Creature from Malibu sea

A rare fish is caught off the shores of Malibu-even experts could not immediately identify it.

By Cortney Litwin

Staff Writer

Scientists know very little about deep-water life. More is known about the surface of the moon than what lies below the ocean’s surface at more than 3,000 feet, which makes up more than 95 percent of the volume of the biosphere. So it’s no wonder the ichthyologists at the Natural History Museum, which is home to 5 million preserved fish, were grateful for a new deep-water acquisition.

Malibu resident Peter Gajitch caught a rare deep-water fish, which even experts couldn’t immediately identify, two weeks ago near the Malibu Pier.

Gajitch, 38, was on his kayak, fishing for halibut near the pier, when he spotted the 5-foot-6-inch fish about 15 feet below the surface of unusually clear water.

“It was disoriented and on its side,” he said. “I snagged it and brought it up.”

Gajitch immediately realized he had something unusual.

“I knew it was a mutant from somewhere,” he said. “Definitely a freak.”

He brought his catch to Wylies Bait and Tackle, where it was stored in a freezer. The owner of the bait shop called Ed Tarvyd, a professor of marine biology and zoology at Santa Monica College, who reported to the call with enthusiasm.

“Wylies bait shop told me that this strange fish was found,” said Tarvyd. “I very much wanted to see it. It was still intact. They did the right thing by freezing it.”

Tarvyd said he was excited by the find and identified it as a type of ribbonfish, but didn’t know the species.

“It’s rare,” he said. “These fish will go down 3,000 to 4,000 feet. It’s the first one I’ve seen in my life. I’ve only seen pictures of them.”

He said the ribbonfish may have surfaced because it was sick.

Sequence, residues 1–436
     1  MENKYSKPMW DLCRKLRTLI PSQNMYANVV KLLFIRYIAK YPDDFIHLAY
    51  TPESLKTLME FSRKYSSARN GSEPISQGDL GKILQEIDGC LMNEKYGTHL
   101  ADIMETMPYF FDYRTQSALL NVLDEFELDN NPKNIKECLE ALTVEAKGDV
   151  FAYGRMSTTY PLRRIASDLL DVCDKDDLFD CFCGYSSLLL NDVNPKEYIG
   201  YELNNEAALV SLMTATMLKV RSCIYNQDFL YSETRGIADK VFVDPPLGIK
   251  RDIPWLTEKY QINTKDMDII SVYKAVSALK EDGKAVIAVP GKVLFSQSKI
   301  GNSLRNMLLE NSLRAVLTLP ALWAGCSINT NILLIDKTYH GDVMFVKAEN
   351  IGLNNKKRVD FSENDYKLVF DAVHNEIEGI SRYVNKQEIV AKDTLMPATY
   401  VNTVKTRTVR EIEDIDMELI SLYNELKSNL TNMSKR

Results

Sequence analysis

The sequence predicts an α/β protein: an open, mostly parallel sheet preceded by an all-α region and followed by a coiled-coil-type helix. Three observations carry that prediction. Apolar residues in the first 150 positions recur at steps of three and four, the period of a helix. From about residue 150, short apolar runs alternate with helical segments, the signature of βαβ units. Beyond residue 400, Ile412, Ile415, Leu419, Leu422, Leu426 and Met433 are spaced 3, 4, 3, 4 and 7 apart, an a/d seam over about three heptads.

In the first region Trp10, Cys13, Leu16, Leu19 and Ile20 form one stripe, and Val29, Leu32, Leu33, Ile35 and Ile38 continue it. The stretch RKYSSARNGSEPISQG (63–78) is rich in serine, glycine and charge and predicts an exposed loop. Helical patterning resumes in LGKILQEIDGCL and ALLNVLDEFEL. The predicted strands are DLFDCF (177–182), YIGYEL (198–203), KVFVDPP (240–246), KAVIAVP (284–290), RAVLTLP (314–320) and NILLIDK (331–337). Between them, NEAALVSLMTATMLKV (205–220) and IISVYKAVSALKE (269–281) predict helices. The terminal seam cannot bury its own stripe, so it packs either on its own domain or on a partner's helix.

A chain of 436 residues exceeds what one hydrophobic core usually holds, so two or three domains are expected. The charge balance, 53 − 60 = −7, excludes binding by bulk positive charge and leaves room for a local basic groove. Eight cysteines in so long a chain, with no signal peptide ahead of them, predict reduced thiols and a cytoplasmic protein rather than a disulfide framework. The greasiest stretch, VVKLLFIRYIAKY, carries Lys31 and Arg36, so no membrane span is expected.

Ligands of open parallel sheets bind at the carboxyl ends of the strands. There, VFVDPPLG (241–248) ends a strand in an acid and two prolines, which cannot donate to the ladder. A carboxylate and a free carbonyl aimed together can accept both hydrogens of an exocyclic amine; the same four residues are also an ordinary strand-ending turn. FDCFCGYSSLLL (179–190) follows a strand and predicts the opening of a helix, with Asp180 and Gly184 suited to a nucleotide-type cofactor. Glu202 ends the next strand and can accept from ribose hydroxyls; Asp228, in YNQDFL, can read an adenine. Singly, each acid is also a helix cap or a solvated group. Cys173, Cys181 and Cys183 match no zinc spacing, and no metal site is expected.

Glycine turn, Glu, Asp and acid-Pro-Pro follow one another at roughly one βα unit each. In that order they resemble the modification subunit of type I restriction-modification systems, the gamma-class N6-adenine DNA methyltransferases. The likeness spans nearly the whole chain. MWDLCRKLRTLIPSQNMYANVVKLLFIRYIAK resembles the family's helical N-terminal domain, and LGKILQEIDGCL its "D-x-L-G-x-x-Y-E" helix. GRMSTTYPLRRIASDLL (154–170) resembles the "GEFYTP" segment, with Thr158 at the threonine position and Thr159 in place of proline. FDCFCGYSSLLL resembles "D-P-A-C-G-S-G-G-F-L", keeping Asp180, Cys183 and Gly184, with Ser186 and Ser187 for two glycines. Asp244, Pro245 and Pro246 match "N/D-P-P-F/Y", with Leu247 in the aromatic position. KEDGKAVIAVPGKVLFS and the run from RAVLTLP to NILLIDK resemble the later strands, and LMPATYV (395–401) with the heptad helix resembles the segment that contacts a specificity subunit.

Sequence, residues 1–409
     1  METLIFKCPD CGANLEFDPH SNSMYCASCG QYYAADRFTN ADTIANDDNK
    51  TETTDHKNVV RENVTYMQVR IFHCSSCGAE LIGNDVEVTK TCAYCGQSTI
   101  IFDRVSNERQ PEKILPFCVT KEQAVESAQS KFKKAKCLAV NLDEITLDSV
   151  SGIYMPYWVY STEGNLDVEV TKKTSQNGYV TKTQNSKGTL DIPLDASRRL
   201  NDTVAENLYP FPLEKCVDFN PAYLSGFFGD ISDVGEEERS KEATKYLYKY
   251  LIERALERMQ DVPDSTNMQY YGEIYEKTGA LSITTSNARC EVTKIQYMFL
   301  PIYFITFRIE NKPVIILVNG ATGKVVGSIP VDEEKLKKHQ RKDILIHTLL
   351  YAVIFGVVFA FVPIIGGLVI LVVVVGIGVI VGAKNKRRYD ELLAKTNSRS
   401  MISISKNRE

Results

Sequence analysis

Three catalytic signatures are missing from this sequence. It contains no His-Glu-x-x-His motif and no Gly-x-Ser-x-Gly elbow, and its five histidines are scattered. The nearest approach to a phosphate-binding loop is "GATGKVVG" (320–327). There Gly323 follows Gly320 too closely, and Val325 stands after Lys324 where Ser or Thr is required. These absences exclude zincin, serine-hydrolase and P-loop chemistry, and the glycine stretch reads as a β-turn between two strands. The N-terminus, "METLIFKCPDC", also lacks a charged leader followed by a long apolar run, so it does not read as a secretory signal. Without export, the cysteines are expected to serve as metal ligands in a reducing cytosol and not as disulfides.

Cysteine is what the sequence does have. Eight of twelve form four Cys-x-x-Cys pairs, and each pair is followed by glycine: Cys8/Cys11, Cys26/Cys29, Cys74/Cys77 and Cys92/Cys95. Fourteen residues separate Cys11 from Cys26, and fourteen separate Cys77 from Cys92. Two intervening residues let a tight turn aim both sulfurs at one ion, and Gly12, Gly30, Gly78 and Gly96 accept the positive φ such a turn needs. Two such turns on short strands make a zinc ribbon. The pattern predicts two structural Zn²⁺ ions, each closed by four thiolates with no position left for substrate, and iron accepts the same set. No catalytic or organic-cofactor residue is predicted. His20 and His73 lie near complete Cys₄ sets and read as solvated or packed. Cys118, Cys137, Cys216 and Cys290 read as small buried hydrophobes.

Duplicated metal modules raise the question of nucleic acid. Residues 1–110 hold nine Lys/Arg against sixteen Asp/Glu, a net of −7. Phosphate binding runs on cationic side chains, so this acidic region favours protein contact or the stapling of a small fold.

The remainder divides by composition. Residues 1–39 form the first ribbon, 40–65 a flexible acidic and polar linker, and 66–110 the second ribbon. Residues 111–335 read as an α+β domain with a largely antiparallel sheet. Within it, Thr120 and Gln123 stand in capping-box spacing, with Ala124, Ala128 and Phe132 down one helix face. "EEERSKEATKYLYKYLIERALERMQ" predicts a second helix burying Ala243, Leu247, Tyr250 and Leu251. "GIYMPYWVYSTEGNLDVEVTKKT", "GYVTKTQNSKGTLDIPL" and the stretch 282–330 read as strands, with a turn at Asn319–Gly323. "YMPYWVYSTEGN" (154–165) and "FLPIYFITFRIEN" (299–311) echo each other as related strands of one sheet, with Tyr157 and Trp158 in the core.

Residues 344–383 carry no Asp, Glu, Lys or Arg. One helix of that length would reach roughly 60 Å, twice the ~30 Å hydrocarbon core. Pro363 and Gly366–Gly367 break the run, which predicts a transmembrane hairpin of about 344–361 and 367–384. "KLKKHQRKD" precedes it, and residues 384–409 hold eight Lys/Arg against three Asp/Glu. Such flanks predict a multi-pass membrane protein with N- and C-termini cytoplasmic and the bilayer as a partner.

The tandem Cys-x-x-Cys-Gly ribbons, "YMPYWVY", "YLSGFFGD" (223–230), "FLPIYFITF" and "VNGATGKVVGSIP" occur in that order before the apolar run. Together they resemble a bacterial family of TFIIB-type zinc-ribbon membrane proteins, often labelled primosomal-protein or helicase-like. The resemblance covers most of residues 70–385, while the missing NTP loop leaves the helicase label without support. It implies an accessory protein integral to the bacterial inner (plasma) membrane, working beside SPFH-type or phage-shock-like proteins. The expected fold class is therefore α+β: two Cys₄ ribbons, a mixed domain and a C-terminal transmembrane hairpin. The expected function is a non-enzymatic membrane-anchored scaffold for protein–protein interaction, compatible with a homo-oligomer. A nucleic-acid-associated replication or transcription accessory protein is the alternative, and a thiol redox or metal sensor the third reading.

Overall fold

At the suggestion of a friend, Gajitch called Jeff Seigel, collection manager of the fish department at the Natural History Museum. Seigel agreed with Tarvyd that it was a ribbonfish, but also wasn’t sure of the species.

“It’s probably a tapertail ribbonfish or a king of the salmon, which is more common,” he speculated. “Both are deep-water species. We don’t know much about their biology. In 10 years, I’ve only seen a couple [of ribbon fish].”

Seigel tentatively identified the new specimen as a Trachipterus Fukuzakii, which have been found in the waters off Southern California and Chile.

When he took the ribbonfish back to the museum, Seigel wanted to confirm the species, but it remained a mystery.

“I compared it to the ribbonfish we have and got even more confused,” said Seigel, with a laugh.

He said specialists will preserve and examine it, including measuring the gonads to determine the sex and examining the stomach contents to see what it eats. They’ll also run a DNA test from a tissue sample.

“We really appreciate it when anglers find something unusual out there and let us know about it,” said Seigel.

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The Malibu Times is the first newspaper in Malibu, serving the community since 1946.

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